The role of the amygdala in pain has been closely considered by pain researchers for decades. The results have been somewhat contradictory: Recent research has mostly found pronociceptive contributions of the amygdala, but earlier studies revealed an antinociceptive function. Now, a new study brings clarity to the question of how the amygdala, an almond-shaped structure deep in the temporal lobe of the brain, regulates pain.
Researchers led by Yarimar Carrasquillo, National Institutes of Health, Bethesda, US, find that the central nucleus of the amygdala (CeA) contains two distinct populations of neurons that bidirectionally modulate pain in mice. In particular, CeA neurons that express protein kinase C-delta (CeA-PKCδ) are pronociceptive, and become sensitized and drive pain-related behaviors in a mouse model of neuropathic pain. Meanwhile, CeA neurons that express somatostatin (CeA-Som) are antinociceptive and become inhibited during nerve injury-induced pain.
Pain researchers had previously suspected that bidirectional control of pain behaviors could be driven by different cell types in the amygdala, but until the current study, the mechanisms had remained unknown, said Ben Kolber, a pain researcher at Duquesne University, Pittsburgh, US, who was not involved in the new research.
“The cell type-specific data in these studies showing opposing whole animal effects of amygdala modulation are quite exciting,” Kolber said. “This study confirms a long-outstanding hypothesis in pain research and will help propel the field by ‘bringing back’ the importance of the analgesic side of the conversation,” he said.
The study was published October 8, 2019, in Cell Reports.
“A smaller scalpel”
“For most of my career,” said Carrasquillo, explaining the background to the new study, “I’ve been interested in understanding how the brain drives pathological pain. When we started this project, I wanted to know the maladaptive changes that happen at the neuronal level to drive pain,” according to Carrasquillo, who set her sights specifically on the amygdala.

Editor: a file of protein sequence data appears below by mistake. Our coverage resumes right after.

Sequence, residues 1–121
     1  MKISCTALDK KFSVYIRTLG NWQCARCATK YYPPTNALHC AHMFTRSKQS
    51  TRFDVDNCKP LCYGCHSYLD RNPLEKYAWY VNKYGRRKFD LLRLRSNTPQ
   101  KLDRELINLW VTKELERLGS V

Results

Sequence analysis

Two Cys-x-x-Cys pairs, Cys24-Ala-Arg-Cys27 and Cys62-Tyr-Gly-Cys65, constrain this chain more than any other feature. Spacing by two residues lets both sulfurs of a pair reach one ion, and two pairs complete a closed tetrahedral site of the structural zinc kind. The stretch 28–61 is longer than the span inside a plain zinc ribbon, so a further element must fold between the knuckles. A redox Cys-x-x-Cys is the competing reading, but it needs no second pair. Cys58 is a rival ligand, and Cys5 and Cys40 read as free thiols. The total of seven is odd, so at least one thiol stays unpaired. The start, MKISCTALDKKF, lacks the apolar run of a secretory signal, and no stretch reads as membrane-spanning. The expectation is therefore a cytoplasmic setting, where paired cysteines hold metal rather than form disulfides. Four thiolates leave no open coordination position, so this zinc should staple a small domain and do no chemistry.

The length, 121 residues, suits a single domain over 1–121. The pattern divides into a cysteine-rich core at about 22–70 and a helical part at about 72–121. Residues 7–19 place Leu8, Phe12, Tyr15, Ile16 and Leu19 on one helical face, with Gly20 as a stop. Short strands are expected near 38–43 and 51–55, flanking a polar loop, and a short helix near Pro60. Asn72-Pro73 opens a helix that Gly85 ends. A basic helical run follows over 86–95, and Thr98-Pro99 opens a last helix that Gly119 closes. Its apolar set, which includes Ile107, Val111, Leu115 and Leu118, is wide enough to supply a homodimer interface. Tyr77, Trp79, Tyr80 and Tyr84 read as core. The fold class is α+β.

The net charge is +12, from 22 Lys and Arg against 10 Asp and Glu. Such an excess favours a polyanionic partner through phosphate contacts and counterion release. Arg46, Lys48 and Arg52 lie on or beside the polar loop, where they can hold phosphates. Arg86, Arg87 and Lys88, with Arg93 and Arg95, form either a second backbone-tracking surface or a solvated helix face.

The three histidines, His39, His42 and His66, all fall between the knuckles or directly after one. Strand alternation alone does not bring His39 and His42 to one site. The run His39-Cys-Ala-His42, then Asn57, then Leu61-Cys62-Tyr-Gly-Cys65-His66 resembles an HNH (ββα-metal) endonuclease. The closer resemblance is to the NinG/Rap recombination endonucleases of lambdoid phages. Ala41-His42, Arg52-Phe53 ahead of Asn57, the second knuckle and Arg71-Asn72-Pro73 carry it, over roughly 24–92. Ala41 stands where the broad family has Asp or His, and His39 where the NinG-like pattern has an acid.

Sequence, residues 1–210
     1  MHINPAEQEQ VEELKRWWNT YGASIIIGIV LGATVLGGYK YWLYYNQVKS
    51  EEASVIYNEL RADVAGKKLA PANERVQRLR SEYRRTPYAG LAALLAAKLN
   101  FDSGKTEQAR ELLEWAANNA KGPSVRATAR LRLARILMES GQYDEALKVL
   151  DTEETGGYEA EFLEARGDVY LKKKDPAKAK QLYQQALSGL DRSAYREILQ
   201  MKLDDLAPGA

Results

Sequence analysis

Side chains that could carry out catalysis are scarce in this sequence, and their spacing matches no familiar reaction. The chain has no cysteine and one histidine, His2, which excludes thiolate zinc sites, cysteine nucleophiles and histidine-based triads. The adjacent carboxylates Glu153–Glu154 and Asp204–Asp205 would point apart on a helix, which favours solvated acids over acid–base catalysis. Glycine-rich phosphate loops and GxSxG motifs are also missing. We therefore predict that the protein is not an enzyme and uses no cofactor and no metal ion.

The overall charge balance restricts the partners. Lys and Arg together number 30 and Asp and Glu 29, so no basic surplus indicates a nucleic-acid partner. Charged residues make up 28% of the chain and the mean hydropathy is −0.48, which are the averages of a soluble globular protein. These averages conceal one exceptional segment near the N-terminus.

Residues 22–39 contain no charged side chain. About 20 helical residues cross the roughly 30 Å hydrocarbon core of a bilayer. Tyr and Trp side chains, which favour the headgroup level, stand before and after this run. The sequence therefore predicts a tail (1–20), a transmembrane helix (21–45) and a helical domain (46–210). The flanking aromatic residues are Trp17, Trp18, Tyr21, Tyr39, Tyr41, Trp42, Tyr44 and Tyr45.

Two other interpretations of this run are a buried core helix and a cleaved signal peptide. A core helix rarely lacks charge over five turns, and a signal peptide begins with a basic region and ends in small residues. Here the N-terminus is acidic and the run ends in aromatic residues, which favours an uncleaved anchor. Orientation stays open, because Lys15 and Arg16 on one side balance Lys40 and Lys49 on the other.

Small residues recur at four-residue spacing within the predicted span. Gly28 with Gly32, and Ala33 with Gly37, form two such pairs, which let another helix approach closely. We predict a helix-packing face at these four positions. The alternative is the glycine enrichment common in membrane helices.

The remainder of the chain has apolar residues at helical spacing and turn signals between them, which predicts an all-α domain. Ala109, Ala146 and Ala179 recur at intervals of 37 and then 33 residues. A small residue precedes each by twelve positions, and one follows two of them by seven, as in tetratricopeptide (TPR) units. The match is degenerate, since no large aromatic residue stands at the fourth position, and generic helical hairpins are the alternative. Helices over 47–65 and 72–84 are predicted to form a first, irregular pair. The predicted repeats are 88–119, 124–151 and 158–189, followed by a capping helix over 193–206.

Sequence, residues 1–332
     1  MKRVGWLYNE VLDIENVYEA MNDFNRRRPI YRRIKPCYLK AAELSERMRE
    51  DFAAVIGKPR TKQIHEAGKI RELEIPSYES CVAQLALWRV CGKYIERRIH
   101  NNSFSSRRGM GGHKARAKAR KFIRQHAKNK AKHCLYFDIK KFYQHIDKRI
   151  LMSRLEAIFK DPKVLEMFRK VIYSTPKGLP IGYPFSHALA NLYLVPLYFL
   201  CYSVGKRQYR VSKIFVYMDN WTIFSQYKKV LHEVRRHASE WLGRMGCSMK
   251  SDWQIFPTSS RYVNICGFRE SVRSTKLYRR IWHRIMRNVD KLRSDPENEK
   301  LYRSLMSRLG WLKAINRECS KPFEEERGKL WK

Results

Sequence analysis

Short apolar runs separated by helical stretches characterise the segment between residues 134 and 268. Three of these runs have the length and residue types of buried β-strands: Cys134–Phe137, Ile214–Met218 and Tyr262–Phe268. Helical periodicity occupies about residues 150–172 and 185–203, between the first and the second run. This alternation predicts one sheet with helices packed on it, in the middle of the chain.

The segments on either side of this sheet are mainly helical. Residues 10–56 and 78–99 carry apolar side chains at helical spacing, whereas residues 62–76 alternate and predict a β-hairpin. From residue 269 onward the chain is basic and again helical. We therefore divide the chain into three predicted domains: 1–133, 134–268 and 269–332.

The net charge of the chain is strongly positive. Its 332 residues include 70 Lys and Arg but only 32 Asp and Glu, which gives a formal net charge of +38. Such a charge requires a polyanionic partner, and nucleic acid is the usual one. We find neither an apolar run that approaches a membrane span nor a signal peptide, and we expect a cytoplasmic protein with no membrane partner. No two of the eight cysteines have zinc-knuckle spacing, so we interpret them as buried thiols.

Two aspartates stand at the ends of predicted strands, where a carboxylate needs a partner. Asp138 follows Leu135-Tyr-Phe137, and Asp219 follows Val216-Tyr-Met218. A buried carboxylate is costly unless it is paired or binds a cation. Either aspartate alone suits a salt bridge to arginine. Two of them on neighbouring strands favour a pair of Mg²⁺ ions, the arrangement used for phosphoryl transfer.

The amygdala receives converging sensory inputs along with affective inputs from higher brain structures, integrating all of that information and converting it into behavioral outputs. It is this convergent processing that likely drives pain’s affective components. This has led to the view that the amygdala promotes pain, but the reality is more complicated.
“The focus of research on the amygdala’s role in pain in the past 15 years has been that the amygdala is the site of pronociception,” Carrasquillo told PRF. “I was puzzled, because I knew papers from the 1980s and 1990s that showed that the amygdala is also involved in analgesia. That’s what made me think that maybe pronociception and antinociception happen in a cell type-specific manner. Maybe when we manipulate all cells of the amygdala we only get to see one side of the story, but perhaps if we use a smaller scalpel we can tease out more bidirectional control of pain.”